NCF sets out eight ambitions for social care reform

Vic Rayner

The National Care Forum has published an eight-point plan for social care reform, ahead of tomorrow’s State Opening of Parliament.

In a new paper, the organisation has called on the Prime Minister to make good on his promise for social care reform, so the sector can continue to make a transformational difference to people’s lives.

Chief executive Vic Rayner said: “The government must take this opportunity to be ‘ambitious for social care’, a once in a generation chance to reform and invest in social care.

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“Social care helps millions of people to live their best lives – with the right focus, support and investment, this government can be the one that delivers for social care.”

The NCF is calling on the government to ‘Think Social Care First’ by putting social care at the heart of policy planning; invest in adult social care to ensure it has sustainable funding and contributes to economic recovery; and develop a ‘People Plan’ that provides clear career progression and introduce a professional registration where this is appropriate.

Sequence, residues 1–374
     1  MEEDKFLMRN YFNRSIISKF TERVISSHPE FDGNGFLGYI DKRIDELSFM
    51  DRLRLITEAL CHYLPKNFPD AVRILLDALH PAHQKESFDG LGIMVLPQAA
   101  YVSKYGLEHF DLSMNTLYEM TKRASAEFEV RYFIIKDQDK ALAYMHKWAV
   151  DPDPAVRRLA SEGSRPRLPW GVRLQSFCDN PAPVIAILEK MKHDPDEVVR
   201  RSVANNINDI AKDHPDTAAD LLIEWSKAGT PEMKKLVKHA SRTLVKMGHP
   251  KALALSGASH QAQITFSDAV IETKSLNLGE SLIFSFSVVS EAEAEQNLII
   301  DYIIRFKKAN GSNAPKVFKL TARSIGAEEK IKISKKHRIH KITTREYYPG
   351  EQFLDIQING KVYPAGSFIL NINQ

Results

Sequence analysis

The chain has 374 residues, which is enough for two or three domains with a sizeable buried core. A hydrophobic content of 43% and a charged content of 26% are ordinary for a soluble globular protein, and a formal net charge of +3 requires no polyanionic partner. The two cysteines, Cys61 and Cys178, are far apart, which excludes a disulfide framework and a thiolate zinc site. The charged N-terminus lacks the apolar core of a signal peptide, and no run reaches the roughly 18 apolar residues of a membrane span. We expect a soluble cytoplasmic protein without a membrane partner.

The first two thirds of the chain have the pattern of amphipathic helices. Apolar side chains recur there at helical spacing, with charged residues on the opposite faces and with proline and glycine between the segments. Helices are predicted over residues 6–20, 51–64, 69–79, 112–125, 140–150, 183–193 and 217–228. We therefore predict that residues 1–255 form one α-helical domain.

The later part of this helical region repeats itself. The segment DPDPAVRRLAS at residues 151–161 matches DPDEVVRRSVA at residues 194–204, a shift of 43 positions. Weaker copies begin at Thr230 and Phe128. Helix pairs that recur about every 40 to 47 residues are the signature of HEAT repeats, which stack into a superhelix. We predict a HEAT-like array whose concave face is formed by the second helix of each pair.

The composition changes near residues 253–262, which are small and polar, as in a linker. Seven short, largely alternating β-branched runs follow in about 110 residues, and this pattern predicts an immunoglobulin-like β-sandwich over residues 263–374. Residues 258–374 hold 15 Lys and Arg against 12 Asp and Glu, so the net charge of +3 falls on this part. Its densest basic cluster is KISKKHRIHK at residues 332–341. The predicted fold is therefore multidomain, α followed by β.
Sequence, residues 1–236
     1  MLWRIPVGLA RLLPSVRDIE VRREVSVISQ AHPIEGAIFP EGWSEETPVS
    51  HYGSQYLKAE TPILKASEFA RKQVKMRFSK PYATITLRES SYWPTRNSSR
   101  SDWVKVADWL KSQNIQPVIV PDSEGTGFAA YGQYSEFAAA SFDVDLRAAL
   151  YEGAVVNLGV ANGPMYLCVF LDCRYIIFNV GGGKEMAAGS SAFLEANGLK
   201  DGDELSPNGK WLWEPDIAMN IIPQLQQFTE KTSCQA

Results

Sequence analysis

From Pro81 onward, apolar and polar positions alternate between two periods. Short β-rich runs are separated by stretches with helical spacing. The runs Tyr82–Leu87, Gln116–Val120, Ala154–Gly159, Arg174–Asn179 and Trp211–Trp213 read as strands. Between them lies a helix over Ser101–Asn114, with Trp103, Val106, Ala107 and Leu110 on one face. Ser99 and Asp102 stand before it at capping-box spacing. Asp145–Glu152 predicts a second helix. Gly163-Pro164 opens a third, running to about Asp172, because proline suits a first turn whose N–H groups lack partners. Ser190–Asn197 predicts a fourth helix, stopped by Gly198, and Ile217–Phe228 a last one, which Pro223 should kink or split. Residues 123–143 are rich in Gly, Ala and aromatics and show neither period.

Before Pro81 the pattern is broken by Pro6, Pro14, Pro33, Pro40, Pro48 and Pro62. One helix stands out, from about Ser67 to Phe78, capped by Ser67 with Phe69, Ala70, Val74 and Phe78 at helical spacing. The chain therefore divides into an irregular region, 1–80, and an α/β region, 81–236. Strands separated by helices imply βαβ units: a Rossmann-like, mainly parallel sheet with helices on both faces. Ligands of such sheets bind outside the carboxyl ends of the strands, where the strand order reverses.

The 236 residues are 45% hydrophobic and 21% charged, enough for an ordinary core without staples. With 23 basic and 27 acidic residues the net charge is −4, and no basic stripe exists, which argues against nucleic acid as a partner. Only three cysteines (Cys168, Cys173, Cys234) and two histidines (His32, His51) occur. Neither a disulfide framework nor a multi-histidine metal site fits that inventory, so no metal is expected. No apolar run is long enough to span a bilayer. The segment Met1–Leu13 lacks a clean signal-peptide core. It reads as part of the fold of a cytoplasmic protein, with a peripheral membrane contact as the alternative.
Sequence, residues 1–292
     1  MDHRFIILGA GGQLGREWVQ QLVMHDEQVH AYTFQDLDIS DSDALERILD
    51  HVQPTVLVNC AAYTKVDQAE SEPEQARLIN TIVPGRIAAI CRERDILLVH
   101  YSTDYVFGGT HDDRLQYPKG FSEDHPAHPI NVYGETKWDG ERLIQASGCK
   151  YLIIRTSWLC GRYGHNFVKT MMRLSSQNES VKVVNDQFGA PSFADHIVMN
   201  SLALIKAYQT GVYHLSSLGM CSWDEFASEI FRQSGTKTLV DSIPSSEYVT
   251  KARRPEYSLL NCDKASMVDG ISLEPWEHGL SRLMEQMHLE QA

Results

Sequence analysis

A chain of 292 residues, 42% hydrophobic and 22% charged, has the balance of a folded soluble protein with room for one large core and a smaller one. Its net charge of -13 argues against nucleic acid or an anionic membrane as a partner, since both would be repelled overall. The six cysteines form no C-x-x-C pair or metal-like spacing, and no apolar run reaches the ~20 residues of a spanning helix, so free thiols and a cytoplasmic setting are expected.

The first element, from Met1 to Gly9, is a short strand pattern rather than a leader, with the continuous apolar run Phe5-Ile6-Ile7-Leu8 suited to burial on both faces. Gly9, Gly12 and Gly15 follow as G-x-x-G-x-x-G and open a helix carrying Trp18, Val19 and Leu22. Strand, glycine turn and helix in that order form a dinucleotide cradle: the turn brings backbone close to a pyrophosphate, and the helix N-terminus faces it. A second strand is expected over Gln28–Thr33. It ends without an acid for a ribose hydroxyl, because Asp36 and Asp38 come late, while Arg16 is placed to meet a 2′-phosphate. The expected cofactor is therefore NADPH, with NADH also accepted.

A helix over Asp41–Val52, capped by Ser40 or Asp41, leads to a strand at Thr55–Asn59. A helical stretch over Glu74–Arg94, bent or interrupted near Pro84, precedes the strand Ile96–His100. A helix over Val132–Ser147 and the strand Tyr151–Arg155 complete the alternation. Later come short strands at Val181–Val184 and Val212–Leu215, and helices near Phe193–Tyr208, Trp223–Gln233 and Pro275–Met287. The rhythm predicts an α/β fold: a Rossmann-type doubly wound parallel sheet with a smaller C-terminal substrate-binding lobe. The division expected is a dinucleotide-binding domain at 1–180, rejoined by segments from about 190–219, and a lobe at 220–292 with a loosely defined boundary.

The organisation has also urged the government to recognise the benefits of the not-for-profit sector in ensuring funding is directed towards the delivery of care; set a ‘fair price for care’ to enable providers to rebalance the prices paid by individuals who fund their own care; understand the need for effective integration of care, health and housing; future proof social care by encouraging innovation and digital transformation; and ensure integrated health and care systems work for social care.

Rayner said: “Our paper calls for ambitious plans for social care reform backed by evidence and the experience of providers from across the sector. Ambitious social care reform can make a transformational change for millions of people, with the profound effect of principled change supporting positive change that will be felt in all communities across the country.  

“It will require bold commitment and investment from the government for social care reform fit for now and in the future. We need to move forward from the place of rhetoric to action – specific action that will propel the sector from the position of recovery to sustainability and growth. Now is the time for long-term ambition not yet another quick fix.”

Tags : National Care Forumsocial care reformVic Rayner
Sarah Clarke

The author Sarah Clarke